Friday, July 13, 2012

Needlework in Magic

[updated July 4th, 2014 - as information regarding Marion Zimmer Bradley's sexual abuse of children has been revealed I am deeply distressed but will leave this post as it is.  Mists of Avalon was a work that I loved to read but I no longer endorse Bradley's work.  In no way do I feel her art makes up for committing sexual abuse or turning the other way when a loved one commits such acts.]

Many artists, myself included feel as if they are conduits for divine energy.  I do not separate my artwork from my spiritual practice because when I make art I connect to a deep soul place that resonates with both my artistic and spiritual self.
Spiritual artwork is brought forth in many forms and has been used to adorn magical objects and places for thousands of years.  In my case this work is created with a needle and thread.  Whether through embroidery, quilting or sewing functional objects with each stitch I try and connect with a deeper flow and sense the divine moving through my fingers.
One of the most eloquent and powerful descriptions of this can be found in Marion Zimmer Bradley's classic Mists Of Avalon.  Morgaine is a priestess of Avalon and is told to make the scabbard for Arthur's sword.  She enters into a ritual space where she will channel the Goddess and embroider spells to protect the sword's bearer in battle.

On the first day, she cut, using the sword itself, an undersheath of thin doeskin. It was the first time she had had fine tools to work with, and she took pleasure in the special iron needle she had been given to stitch the sheath together...
Fashioning the shapes of doeskin sheath and velvet to cover it, she spent the first day; and before she slept, deep in meditation of what she must do, almost a trance, she cut her arm a little and smeared the doeskin with her blood...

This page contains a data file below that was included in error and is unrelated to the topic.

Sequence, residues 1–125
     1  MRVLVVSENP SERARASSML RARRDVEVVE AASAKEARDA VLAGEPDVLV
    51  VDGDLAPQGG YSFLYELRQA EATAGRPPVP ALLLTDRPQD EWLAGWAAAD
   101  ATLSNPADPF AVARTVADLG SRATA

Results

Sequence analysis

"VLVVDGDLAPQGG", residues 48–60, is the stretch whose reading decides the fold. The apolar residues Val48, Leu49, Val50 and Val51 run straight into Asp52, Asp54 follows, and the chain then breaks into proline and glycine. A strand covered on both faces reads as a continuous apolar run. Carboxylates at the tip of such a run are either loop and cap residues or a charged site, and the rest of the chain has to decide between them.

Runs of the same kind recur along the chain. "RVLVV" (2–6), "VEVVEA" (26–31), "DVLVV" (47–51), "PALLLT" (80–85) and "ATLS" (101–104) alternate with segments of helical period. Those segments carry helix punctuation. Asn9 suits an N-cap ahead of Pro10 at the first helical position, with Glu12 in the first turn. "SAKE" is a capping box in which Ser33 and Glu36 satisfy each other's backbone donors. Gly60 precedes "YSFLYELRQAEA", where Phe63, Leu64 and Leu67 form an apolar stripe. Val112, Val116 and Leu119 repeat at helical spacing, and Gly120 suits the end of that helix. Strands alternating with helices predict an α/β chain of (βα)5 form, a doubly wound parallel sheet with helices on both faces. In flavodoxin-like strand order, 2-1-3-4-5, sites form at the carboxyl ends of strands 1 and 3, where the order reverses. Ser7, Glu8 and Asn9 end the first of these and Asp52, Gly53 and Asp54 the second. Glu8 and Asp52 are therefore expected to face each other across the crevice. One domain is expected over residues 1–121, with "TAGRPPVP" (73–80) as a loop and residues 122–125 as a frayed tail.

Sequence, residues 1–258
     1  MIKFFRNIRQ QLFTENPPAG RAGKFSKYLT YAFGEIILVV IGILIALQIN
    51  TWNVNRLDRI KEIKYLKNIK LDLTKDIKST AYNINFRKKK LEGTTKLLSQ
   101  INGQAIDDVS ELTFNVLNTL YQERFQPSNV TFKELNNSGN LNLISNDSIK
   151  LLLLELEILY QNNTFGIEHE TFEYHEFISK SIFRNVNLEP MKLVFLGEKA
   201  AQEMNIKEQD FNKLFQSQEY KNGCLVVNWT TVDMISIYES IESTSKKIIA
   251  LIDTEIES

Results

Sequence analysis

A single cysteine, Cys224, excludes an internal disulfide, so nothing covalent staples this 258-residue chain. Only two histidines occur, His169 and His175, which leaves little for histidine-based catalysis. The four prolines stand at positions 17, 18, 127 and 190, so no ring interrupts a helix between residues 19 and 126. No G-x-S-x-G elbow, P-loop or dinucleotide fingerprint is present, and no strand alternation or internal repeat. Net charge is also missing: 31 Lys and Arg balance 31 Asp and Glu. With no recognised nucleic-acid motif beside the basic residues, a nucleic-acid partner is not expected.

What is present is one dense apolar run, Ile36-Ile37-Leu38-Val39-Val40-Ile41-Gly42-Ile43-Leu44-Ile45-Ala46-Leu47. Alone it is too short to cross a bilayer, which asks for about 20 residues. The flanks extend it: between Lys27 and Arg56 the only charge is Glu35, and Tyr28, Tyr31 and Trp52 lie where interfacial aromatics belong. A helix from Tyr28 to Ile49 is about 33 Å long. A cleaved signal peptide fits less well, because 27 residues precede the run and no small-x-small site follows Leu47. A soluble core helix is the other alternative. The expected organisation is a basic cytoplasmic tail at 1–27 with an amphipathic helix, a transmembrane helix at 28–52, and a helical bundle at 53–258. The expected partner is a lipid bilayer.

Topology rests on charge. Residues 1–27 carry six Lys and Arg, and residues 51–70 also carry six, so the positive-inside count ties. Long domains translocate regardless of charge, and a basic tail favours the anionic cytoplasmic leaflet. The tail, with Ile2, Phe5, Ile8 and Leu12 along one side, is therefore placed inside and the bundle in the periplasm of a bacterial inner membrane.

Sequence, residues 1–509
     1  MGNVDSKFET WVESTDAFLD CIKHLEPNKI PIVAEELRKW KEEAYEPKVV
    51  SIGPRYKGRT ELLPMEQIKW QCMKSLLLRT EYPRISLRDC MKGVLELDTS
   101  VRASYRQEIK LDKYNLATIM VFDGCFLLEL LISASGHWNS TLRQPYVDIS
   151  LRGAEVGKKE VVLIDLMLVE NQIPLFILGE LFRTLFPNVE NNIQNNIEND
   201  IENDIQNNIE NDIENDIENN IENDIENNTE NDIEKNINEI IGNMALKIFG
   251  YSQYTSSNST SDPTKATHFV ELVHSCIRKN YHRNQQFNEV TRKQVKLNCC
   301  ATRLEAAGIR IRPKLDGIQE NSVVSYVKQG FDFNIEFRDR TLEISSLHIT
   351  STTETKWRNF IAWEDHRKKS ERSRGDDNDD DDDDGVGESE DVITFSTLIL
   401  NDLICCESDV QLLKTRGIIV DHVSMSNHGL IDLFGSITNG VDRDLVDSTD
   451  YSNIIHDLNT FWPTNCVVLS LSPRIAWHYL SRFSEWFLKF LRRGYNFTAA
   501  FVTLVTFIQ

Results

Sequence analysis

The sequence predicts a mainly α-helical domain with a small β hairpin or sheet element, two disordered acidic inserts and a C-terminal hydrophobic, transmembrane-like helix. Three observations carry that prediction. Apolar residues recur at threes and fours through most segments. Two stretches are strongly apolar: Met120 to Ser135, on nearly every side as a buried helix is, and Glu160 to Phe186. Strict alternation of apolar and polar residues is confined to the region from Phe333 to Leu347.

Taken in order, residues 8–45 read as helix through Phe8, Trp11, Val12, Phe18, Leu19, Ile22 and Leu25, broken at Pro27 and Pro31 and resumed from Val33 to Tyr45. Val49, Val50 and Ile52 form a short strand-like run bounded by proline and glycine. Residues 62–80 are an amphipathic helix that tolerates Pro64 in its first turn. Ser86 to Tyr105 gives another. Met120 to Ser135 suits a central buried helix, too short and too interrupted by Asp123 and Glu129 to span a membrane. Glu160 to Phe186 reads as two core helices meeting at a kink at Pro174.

All that day, in silence, she worked, gazing into the chalice, letting the images rise, now and then stopping to wait for inspiration in the meditative flow; she worked the horned moon, so that the Goddess should always watch over the sword and guard the sacred blood of Avalon. She was so wrapped in the magical silence that every object on which her eyes gazed, every movement of her consecrated hands, became power for the spell; it seemed at times as if visible light followed her fingers as she followed the horned moon with the full moon, and then with the dark moon, for all things must follow in season...there were times when it seemed that needle and thread moved through her own flesh or through the flesh of the land, piercing earth and sky and her own blood and body...
By sunset of the third day it was finished, every inch of the scabbard covered with twining symbols, some of which she did not even recognize; surely they had come directly from the hand of the Goddess through her hands? She lifted it; slid the sword into it; weighted it in her hands; then said aloud, breaking the ritual silence, "It is done."

While I have never had an experience as grand as this telling the trance-like rhythm of needlework often carries me to a space that feels between.  As I look towards a future of making more time to create artwork I see this as a technique to develop not only for my art career but also for my spiritual practice and journey.

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